Nov. 22, 2013
On the 50th anniversary of President John F. Kennedy's assassination, people across the county will reflect on his legacy, and the impact his policies had on the nation. As president, Kennedy also ushered in a new era of personality, politics and the media.
Although Kennedy was not the first president appear on television, he was the first president to use television to promote himself.
"His was a master at it. He comes to recognize really early on that he is really good at TV and it can be really crucial to him as a president," said Marc Selverstone Chair of the Presidential Recordings Program at the University of Virginia’s Miller Center.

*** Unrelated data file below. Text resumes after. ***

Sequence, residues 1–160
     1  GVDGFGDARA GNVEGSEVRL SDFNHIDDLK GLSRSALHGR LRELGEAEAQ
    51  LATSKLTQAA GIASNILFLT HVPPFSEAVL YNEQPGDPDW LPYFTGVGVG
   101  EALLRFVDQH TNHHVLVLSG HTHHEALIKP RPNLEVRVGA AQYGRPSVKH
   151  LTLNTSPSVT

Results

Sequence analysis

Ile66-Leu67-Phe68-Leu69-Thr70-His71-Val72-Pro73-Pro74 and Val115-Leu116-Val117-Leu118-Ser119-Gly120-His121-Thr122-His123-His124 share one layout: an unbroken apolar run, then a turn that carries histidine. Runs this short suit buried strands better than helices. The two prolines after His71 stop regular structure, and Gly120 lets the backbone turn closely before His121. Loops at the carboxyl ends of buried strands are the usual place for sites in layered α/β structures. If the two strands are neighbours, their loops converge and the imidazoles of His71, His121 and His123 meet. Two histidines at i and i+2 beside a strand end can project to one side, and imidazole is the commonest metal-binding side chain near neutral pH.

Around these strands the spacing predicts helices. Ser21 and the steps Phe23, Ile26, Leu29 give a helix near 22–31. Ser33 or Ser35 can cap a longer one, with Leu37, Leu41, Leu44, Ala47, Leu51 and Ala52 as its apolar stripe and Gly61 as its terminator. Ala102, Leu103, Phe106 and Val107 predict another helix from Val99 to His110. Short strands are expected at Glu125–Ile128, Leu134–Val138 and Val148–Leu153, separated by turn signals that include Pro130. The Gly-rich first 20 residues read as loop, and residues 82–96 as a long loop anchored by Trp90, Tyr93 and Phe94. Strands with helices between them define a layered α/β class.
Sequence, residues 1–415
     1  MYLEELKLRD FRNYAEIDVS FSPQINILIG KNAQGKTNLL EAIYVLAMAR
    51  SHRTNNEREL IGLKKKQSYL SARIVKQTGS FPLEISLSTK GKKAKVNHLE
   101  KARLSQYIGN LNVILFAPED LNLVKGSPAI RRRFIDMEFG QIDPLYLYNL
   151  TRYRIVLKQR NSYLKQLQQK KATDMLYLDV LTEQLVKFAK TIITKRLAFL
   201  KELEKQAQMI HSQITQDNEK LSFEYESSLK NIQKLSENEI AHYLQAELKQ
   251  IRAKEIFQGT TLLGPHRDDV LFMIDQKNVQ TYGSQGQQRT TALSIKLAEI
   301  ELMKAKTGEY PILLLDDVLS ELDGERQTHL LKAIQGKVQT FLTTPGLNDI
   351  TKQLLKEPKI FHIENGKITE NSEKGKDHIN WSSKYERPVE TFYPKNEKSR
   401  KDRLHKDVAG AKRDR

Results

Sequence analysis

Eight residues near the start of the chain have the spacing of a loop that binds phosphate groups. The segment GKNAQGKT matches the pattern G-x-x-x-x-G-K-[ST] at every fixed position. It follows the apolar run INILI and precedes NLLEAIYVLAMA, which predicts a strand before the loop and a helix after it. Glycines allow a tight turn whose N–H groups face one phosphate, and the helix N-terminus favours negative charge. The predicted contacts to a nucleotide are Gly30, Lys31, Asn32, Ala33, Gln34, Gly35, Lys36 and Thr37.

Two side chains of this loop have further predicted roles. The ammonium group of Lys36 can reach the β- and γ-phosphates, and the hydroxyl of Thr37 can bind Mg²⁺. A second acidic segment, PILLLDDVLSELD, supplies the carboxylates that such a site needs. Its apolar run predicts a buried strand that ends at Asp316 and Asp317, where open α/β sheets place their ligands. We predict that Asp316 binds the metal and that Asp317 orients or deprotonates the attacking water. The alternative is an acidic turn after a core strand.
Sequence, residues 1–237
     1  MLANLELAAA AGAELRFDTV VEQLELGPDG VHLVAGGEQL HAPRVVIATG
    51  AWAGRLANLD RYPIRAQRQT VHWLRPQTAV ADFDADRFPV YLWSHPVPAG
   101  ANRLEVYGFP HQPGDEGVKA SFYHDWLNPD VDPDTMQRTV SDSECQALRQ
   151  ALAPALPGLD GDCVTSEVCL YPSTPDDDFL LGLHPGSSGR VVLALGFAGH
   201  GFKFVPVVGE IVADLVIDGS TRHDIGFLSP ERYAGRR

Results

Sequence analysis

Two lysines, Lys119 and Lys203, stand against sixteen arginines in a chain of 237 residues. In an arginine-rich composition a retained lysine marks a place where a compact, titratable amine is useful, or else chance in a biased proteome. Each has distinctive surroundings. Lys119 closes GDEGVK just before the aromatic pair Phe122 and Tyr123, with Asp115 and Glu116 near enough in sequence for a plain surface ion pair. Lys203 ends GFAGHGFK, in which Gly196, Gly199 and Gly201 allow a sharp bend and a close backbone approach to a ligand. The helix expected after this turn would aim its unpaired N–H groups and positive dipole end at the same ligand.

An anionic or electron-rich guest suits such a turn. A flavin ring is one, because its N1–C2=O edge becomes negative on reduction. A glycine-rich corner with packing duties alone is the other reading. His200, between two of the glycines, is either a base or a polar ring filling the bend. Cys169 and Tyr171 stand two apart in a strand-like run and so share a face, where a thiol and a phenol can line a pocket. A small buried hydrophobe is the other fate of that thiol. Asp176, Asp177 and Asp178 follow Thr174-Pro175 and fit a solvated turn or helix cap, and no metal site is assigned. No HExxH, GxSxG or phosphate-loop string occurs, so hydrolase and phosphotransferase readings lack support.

When President Kennedy took office he was only 43-years-old. As a very young president with a charming family, he captivated the public, and television cameras gave Americans a glimpse into the Kennedy's storied lives.
"There's a lot of charisma attached to the man. He knew how to use the media very well to sell that image," Selverstone said.
During his campaign for president, Kennedy appeared in four televised debates, and while in office he was the first president to hold televised press conferences. He used the medium to connect with voters.
"Kennedy recognized the importance of reaching out to the people as much as he could," said Selverstone.
Television also played a role in Kennedy's death. An estimated 175 million people tuned into his funeral, making the 50th anniversary not only a political and culturally significant moment, but also an important moment in history of media.
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